Here’s Cuba, post-travel “reform,” round one.
In short lines sent from her cellphone — one could say guerrilla-style, for the way a word, a smiley face, a phrase began in one tweet and ended in another — the celebrated blogger Yoani Sánchez reported on her return to Havana.
“Back to blindly tweeting via SMS,” she wrote Thursday night to her 504,534 Twitter followers as soon she landed.
Sánchez remarked on her 30-minute path through customs, her reunion with loved ones, and on Friday, posted similarly truncated snippets on Facebook.
They began bittersweet with the rain — “like it’s the end of the world, but the sun will shine” — and by day’s end were critical of the limited digital TV the government says it will allow, of the outrageously priced Internet cafés that block most information China-style, and for the lack of accessibility to the average Cuban.
“My grandchildren will have Internet wi-fi sometime in 2032,” she wrote.
Without missing a beat, the 37-year-old dissident who traveled for 103 days through Europe and the Americas giving testimony about life in Cuba and denouncing human rights violations was back to describing what it’s like to endure a country where the most mundane possessions, including peace of mind, are inaccessible or forbidden, or both.
Sánchez, by far the most famous of Cuba’s traveling bloggers and dissidents — able to leave the island under liberalized travel rules after years of denials — is not the first to travel widely and return.
Ladies in White leader Berta Soler, Rosa María Payá, daughter of the late dissident leader Oswaldo Payá, and the young activist Eliécer Avila also recently went home.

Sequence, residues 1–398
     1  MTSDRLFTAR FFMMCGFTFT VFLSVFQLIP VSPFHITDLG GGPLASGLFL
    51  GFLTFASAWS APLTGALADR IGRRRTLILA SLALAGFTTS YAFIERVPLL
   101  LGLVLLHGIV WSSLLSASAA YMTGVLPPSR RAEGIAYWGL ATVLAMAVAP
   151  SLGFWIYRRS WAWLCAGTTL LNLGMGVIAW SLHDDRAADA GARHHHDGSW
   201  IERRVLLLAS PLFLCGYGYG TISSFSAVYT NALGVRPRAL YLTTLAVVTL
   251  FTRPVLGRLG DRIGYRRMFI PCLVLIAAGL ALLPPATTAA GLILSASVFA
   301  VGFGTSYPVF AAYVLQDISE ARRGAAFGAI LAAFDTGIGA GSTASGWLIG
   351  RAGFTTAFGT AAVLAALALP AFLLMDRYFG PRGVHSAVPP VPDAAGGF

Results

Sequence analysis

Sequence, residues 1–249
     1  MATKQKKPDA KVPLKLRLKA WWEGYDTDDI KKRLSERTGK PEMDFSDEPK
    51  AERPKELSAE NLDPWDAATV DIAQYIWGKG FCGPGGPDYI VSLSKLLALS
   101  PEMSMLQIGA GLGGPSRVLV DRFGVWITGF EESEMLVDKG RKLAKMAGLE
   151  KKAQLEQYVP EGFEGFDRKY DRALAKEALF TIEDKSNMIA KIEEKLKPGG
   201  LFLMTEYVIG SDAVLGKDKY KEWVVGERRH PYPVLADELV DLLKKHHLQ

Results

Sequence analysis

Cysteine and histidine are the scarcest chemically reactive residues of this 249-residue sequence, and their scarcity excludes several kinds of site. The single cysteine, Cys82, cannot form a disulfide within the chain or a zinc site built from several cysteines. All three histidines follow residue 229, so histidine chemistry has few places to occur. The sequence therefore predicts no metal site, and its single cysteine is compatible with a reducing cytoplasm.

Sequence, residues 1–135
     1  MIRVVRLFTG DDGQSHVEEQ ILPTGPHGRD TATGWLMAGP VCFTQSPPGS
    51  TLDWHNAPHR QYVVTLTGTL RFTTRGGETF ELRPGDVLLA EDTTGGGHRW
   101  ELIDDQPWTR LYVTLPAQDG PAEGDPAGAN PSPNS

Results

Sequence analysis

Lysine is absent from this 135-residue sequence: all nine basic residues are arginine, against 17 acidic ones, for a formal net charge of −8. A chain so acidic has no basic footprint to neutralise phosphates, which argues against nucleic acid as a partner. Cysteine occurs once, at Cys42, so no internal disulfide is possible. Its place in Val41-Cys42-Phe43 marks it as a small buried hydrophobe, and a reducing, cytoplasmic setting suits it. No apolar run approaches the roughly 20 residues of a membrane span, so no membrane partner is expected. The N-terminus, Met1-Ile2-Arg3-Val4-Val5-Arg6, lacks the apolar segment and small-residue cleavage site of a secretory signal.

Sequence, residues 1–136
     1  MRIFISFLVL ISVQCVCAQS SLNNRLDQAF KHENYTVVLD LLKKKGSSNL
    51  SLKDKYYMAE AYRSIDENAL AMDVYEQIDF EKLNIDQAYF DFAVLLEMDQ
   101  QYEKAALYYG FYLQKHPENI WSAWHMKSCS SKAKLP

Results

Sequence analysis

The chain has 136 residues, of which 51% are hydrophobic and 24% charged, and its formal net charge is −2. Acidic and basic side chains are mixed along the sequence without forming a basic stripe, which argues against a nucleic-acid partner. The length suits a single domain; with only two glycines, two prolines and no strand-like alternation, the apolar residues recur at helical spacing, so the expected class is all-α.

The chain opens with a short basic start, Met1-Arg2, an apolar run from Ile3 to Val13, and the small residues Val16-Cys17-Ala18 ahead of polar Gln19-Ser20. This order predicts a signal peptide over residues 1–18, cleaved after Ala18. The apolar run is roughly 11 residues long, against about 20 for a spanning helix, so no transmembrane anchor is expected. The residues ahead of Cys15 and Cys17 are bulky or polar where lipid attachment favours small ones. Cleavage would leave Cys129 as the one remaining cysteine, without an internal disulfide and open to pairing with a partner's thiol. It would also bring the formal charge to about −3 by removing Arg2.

On the day she returned, Payá was threatened by a pro-government blogger who accused her of defaming Cuba and breaking the law by calling for an international investigation into her father’s death.
Avila was detained at customs and his luggage searched for four hours. The government confiscated 26 books about culture, human rights and democracy, and photographed all his electronics.
He said he had no regrets.
“I was absolutely certain that [returning] was what I wanted; the sentimental ties I left in Cuba and the sense of responsibility with the future were powerful reasons,” he wrote in an essay in the digital Diario de Cuba. “In fact, I didn’t feel sad, I was happy to return.”
Whether Sánchez will face reprisals is yet to be seen. But a pro-government blogger attacked her arrival, calling her “ la vacacionista,” the vacationer, and saying she had received “90 days of training to topple the island’s government.”
It takes guts and commitment to take on a dictatorship from inside, and by returning to continue their fight for democratic change, Cuba’s brave traveling dissidents have proven their worth.
While in exile, in Miami or elsewhere, they would be one more among us.
Their credibility lies in the strength of their voice from inside Cuba.
Their return home closes a historic chapter — but also opens a new, and more important one perhaps, for the island’s future.